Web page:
Going forward, should I choose to continue with the Constitutional Convention I will definitely need to figure out how to navigate the Library of Congress web site. It not only has many of the obvious documents of interest, it has Colonial Broadsides as well. I did find it interesting that although the Library of Congress did have the Federalist Papers, it did not seem to have the Anti-Federalist Papers and by all appearances, tracking those down will be a bit more difficult. Although I did initially gravitate towards the ongoing effects of the Constitution and the Convention that created it, I did find it interesting that the split between Federalist and Anti-Federalist was fairly even. It’s almost as though the Federalists won simply because they were better organized and had better marketing. Should I try to pull my focus back to just the time of the Convention, instead of the longer range impact I will most certainly want to read those.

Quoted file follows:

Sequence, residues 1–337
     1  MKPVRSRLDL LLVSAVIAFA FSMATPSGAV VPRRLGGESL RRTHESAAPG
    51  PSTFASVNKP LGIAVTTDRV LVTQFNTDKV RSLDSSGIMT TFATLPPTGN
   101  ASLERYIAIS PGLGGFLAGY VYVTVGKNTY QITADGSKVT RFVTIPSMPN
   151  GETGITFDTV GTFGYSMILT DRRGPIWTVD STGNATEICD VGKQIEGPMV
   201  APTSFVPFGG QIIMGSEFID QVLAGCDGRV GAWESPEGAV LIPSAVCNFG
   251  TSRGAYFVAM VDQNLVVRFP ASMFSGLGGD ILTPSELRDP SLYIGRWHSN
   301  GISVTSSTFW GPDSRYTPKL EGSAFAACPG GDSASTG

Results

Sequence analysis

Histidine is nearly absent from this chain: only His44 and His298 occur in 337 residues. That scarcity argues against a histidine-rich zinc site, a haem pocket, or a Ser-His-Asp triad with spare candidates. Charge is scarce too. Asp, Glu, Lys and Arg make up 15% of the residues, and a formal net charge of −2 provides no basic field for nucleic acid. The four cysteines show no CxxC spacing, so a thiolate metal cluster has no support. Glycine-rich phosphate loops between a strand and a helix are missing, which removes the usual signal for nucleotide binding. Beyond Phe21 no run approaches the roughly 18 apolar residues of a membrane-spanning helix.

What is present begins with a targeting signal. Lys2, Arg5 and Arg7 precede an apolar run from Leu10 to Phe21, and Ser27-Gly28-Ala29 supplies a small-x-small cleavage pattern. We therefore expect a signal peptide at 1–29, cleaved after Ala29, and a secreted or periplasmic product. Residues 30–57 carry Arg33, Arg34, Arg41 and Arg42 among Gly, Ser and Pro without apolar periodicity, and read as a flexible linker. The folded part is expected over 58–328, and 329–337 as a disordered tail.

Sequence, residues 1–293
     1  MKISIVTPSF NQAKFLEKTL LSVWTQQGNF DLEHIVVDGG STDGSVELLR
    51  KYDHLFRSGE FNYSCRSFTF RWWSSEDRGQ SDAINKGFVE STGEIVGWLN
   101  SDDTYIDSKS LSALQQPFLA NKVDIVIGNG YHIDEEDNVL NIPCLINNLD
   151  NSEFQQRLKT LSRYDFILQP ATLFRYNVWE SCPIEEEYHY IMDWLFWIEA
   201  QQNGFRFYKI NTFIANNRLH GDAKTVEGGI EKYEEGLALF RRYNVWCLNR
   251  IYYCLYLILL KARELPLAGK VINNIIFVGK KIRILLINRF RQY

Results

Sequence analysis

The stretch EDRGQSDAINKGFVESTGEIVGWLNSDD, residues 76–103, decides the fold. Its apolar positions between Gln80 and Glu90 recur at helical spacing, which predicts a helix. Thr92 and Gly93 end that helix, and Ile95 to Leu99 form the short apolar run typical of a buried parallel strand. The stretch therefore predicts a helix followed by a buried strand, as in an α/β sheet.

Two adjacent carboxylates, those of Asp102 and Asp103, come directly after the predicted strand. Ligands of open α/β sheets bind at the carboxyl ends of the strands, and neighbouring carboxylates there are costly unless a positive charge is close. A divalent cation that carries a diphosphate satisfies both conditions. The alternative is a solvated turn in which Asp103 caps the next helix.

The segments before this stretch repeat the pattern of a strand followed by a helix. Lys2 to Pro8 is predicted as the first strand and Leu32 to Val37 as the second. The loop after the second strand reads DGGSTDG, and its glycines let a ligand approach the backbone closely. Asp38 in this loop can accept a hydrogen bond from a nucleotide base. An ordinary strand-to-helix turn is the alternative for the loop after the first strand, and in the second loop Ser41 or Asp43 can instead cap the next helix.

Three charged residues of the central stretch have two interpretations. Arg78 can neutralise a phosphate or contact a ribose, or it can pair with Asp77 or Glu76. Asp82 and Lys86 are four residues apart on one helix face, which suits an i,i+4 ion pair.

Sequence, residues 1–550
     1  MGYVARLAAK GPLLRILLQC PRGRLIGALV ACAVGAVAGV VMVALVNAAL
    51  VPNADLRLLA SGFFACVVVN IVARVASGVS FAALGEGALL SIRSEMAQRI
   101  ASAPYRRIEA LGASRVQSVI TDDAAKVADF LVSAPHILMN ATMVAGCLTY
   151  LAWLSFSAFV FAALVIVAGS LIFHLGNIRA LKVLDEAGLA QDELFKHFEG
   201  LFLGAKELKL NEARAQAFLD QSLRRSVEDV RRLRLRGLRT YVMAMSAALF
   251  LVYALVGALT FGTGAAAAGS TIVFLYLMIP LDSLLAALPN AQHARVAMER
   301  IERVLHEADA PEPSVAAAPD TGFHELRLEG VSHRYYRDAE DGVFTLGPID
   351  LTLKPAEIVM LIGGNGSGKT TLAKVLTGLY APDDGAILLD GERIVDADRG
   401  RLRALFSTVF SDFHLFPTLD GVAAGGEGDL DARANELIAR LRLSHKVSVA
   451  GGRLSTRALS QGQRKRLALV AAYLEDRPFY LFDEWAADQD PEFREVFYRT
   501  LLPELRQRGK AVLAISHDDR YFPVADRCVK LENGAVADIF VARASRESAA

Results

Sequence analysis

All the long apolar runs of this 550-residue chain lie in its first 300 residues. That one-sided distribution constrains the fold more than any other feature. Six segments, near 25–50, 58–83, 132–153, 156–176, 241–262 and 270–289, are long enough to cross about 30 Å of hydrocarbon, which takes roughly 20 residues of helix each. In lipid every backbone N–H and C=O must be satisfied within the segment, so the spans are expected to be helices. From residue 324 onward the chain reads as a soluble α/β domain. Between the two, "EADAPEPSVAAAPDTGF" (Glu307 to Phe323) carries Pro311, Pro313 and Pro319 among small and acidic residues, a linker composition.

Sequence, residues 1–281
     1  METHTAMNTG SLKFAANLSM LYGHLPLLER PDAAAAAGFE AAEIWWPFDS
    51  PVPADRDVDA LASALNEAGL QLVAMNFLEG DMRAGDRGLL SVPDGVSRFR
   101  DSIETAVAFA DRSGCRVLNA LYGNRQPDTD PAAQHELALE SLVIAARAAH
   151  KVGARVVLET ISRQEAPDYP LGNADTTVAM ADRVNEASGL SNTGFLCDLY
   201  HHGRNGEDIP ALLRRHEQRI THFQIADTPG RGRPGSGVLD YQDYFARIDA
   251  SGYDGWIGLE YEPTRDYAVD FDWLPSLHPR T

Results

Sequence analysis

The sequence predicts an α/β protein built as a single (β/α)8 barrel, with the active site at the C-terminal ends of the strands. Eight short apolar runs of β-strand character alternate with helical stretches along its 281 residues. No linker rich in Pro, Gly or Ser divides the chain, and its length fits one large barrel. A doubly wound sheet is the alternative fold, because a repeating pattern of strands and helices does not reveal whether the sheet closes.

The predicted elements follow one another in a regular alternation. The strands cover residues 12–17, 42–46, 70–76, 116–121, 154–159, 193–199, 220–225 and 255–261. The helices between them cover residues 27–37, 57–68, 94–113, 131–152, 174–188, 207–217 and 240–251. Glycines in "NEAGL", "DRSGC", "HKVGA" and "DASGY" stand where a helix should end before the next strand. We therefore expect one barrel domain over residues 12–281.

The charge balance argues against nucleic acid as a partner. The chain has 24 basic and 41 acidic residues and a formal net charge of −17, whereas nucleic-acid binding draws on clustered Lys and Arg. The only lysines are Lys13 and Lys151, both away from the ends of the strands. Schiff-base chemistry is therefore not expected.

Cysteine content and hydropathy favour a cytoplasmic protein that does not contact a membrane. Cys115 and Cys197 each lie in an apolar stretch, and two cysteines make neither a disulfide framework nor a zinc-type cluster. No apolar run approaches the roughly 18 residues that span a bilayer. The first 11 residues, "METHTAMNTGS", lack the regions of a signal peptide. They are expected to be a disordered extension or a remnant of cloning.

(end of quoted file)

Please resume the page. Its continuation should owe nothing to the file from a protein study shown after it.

Library of Congress, https://www.loc.gov/
“The Federalist Papers”, accessed October 23 2016, https://www.congress.gov/resources/display/content/The+Federalist+Papers
“Newspaper articles and notices printed in 1787 during the Constitutional Convention in Phila.”, accessed October 23 2016, http://www.loc.gov/pictures/item/2002705836/
“Primary Documents in American History, Articles of Confederation”,accessed October 23 2016, http://www.loc.gov/rr/program/bib/ourdocs/articles.html
“Primary Documents in American History, The Bill of Rights”, accessed October 23 2016, https://www.loc.gov/rr/program/bib/ourdocs/billofrights.html
“American Newspapers during Ratification, 1787-1788”, University of Wisconsin-Madison, Department of History, Center for the Study of the American Constitution, accessed October 23 2016, http://csac.history.wisc.edu/american_newspapers.htm
“American Revolution, From Revolution to Reconstruction and Beyond”, University of Groningen, Faculty of Arts, accessed October 23 2016, http://www.let.rug.nl/usa/documents/1786-1800/the-anti-federalist-papers/